Asterisk denotes entries on real places.
In the novel, nature is not an entirely benign force. The reader sees conflicts arising between Maggie and Tom, owing to their different dispositions and exacerbated by the misogynist climate of the times. Nature can also be the source of destruction, as seen in the flood that kills Maggie and Tom. In introducing the Floss River into the landscape, Eliot made one alteration to her geographical model. She needed a tidal river to make the flood possible. The configuration of the river and the flood basin suggests the Trent River in Lincolnshire.
Tulliver home. The precise setting is drawn from Eliot’s childhood memories of growing up in Griff House, on the Arbury estate, where her father managed the property for the landowner. Griff House has survived the years and was converted into an inn. Even the Round Pond has an exact prototype in Griff House Pond. The pond, perfectly round and of unknown depth, suggests the mystery and magic of natural places. The Tullivers’ house is spacious and comfortable, and Maggie’s life there would be perfect were it not for her intelligent and passionate nature, which makes it difficult for her to conform to the confining gender role prescribed for female children in the Victorian age. When her mother reprimands her for losing her sunbonnet, allowing her hair to become disheveled, or running and jumping too boisterously, she retreats to the large attic to nurse her doll and shed tears of frustration. Her self-seclusion in the attic suggests her distance from conventional Victorian society.
A stultifying society puts a curb on her natural desires and abilities. Only her father can be depended on to take her side, frequently taking her on his lap to comfort her. He is the owner of Dorlcote Mill, and a significant person in the web of relationships that surrounds Maggie. The mill, based on Arbury Mill, with its piles of grain and floury spiders is a wonderland for the imaginative child. As Maggie matures, her life becomes more difficult. Her father goes through bankruptcy and is in conflict with the lawyer whom he feels deprived him of the mill. Maggie gains some consolation from meeting her lover, Philip (ironically the lawyer’s son), and they take long walks in the Red Deeps. A lovely spot, again based on a real model, its trees and natural beauties provide consolation, offering a romantic conception of nature. Griff House is close to the town of Nuneaton.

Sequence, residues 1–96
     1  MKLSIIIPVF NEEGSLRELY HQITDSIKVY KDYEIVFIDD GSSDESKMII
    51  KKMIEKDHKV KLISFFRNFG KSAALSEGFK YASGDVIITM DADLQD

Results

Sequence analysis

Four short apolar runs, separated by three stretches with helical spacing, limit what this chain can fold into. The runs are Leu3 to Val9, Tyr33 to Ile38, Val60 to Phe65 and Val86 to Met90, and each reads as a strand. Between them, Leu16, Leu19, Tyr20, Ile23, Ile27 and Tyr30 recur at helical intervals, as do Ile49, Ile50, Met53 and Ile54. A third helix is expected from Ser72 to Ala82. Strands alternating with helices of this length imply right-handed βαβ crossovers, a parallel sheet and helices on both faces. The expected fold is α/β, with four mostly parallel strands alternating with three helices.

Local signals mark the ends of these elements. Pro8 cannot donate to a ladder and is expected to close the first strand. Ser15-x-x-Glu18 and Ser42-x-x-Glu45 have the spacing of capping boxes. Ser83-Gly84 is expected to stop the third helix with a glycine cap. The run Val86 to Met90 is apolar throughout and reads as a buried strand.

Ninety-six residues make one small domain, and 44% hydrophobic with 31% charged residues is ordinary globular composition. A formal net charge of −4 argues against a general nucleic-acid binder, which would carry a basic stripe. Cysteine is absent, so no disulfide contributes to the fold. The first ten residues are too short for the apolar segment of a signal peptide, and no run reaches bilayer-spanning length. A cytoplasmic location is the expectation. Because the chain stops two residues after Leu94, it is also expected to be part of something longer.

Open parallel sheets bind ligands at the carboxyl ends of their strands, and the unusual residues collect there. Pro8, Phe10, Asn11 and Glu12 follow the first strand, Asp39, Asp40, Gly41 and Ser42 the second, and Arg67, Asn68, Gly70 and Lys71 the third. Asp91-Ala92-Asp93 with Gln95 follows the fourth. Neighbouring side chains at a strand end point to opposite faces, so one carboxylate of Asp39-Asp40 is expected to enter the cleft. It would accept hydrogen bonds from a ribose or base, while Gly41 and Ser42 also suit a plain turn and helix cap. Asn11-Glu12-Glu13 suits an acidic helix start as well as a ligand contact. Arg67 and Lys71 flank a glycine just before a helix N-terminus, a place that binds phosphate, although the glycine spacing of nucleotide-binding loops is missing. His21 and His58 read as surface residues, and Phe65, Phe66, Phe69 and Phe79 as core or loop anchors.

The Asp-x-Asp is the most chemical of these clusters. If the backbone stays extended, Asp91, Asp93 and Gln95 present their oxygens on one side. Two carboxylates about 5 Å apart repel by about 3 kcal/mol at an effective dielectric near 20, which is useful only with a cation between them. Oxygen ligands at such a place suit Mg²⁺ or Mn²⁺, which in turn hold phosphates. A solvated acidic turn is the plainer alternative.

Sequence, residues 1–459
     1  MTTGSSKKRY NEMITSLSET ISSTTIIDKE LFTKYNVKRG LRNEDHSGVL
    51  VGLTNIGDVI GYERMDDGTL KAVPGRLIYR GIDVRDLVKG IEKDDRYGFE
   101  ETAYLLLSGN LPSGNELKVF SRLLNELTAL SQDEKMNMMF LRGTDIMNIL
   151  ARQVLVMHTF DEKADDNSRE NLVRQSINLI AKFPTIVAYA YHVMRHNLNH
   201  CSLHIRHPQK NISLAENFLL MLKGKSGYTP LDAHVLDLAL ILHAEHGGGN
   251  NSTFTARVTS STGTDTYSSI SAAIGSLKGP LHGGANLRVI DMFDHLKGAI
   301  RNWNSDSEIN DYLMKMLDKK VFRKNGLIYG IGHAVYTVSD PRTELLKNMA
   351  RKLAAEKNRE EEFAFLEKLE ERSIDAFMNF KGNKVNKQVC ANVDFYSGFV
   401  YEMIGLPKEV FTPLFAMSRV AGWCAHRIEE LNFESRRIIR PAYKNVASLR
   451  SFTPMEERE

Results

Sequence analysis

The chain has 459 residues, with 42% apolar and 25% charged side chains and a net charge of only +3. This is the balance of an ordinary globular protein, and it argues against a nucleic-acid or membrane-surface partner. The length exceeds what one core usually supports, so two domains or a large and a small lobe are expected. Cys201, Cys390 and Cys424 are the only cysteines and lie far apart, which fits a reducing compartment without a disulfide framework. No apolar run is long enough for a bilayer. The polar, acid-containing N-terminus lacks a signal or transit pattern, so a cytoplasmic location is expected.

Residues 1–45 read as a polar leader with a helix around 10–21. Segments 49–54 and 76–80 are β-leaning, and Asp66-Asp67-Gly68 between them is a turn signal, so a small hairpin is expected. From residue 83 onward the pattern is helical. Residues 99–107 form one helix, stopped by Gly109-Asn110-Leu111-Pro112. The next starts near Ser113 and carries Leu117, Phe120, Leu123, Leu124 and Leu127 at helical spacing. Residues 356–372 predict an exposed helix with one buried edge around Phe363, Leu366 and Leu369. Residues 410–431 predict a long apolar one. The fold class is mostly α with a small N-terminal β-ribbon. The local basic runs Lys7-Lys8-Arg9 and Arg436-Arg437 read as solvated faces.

*St. Oggs. Town noteworthy for its provincial mind-set and puritanical attitudes. St. Oggs is a representative river town, larger than Nuneaton. The values that define St. Oggs–wealth, social standing, rigid conformity to social rules–put Maggie at odds with her surroundings when, as a young woman, she spends some time there. She cannot be forgiven for an inadvertent social indiscretion. She must struggle against an immovable wall of hostility, and Eliot ends the novel with her drowning in the course of her attempted rescue of Tom from the flood.